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Indonesia: Christian | Batak Church forestry in Sumatra | Restoring the forest round Lake Toba | Toraja Church Forestry in Sulawesi | Indonesia: environment meeting | How the Toraja project works

Batak Church forestry in Sumatra

Erosion due to loss of tree cover threatens the future of the beautiful volcanic Lake Toba, and its central island Samosir

This project, led by the indigenous Batak Church, is restoring forests to the hillsides around Lake Toba and on Samosir Island, to combat soil erosion and water scarcity that is especially severe during the dry seasons. The erosion is largely due to intentional burning of vegetation by local people, to make way for grassland for their free-roaming buffaloes and goats, and to cultivate food crops. The clearing of land has increased as local people have less alternative livelihoods due to much reduced tourism-related activities around Lake Toba.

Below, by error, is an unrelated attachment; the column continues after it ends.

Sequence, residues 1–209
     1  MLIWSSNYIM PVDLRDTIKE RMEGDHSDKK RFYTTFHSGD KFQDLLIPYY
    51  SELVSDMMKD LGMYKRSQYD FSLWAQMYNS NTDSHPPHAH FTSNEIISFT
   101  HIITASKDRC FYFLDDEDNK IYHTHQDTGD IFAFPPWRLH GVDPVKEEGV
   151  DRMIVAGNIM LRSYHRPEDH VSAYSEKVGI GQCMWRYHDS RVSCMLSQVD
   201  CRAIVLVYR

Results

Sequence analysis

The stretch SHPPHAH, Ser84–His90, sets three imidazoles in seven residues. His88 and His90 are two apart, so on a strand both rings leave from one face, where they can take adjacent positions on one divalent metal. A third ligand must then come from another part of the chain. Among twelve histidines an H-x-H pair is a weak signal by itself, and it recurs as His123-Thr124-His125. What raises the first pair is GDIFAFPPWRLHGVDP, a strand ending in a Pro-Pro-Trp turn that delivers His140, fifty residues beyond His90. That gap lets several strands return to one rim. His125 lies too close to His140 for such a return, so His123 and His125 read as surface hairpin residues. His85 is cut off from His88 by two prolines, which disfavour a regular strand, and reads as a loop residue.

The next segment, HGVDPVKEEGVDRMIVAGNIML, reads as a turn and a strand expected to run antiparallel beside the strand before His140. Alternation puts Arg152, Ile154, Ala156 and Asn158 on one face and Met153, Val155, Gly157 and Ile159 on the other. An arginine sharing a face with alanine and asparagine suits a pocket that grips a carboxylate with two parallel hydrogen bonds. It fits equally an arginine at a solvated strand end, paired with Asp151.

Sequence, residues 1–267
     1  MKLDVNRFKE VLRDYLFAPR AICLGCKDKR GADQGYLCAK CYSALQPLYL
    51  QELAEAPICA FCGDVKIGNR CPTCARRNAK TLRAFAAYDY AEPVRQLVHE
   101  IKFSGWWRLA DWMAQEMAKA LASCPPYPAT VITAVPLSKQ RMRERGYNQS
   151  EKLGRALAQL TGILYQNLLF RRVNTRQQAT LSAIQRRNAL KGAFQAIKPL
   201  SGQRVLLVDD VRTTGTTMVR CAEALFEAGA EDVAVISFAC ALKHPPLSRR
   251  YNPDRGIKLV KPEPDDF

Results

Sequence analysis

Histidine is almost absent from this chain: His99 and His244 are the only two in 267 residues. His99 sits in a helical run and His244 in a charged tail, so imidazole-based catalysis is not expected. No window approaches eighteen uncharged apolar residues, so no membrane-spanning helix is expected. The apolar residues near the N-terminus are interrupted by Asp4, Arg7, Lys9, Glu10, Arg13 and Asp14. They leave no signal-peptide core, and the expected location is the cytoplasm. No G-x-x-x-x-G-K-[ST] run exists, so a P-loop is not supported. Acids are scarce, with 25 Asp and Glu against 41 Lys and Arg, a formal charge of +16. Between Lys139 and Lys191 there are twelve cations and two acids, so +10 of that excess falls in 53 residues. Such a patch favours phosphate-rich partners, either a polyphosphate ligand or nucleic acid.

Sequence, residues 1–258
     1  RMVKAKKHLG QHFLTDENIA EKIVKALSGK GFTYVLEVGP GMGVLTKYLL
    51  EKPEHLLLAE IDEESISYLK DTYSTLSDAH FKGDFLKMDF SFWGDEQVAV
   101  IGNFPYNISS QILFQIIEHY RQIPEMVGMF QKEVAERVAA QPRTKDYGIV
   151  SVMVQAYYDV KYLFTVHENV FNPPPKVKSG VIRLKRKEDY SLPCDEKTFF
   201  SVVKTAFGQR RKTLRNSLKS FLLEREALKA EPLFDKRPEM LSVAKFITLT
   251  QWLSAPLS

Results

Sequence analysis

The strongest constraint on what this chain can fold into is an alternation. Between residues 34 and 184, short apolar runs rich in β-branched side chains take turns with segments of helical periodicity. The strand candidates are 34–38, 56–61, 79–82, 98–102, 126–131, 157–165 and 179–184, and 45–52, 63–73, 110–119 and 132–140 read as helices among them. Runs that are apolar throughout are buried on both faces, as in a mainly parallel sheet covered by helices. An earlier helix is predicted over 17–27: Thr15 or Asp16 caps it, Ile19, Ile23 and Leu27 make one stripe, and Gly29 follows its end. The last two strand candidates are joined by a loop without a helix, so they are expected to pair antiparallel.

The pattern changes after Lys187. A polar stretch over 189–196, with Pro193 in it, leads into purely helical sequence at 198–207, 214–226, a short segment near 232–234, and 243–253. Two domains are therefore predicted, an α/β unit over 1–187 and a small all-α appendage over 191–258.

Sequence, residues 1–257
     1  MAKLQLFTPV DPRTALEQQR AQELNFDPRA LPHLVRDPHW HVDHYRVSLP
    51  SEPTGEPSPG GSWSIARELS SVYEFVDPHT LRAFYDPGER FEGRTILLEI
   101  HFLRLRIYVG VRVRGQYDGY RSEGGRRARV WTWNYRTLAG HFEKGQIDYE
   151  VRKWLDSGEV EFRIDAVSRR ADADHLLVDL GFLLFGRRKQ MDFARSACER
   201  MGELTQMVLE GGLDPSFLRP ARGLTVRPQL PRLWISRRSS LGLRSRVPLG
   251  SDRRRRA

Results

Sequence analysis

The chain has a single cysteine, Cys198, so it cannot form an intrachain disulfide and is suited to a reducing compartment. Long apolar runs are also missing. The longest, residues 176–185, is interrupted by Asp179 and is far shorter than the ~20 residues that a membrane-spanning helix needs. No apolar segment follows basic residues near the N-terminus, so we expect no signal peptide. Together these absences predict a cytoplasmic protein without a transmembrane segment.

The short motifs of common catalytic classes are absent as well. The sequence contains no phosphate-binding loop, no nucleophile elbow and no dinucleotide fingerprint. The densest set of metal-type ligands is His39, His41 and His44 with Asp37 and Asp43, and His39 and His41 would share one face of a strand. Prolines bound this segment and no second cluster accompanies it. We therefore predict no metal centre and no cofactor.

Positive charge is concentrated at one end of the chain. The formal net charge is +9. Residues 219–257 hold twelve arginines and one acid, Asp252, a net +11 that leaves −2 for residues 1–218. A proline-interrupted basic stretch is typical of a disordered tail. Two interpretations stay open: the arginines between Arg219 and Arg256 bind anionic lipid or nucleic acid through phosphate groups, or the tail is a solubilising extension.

The Huria Kristen Batak Protestan (HKBP) Church is the largest Lutheran Church in Asia, with nearly 3,000 mainly rural congregations amounting to 3 million members in the Batak country of North Sumatra.

At 100 kilometres long, the lake is the largest is South East Asia and one of the deepest and highest in the world, being 905 m above sea level
The environment of Lake Toba under threat

In Sumatra, as elsewhere in South East Asia, the environment is under siege from heavy industry and poor land management. The effects of forest clearance, over-farming, soil erosion, mining, and industrial waste pollution combine to threaten the future of Lake Toba, one of the world’s most beautiful freshwater lakes.

At 100 kilometres long, the lake is the largest is South East Asia and one of the deepest and highest in the world, being 905 m above sea level. Culturally the lake and the island of Samosir are important heritage areas for the Batak people who live in North Sumatra.

Industrial pollution

In particular the paper industry is harming the environment. Indorayon’s paper mill, known as Toba Pulp Lestari, is a major polluter and is hotly opposed by local environmental pressure groups. Other hazards are illegal logging, widespread use of chemical fertilizers and unregulated grazing and burning.

>How the forest round Lake Toba is being restored

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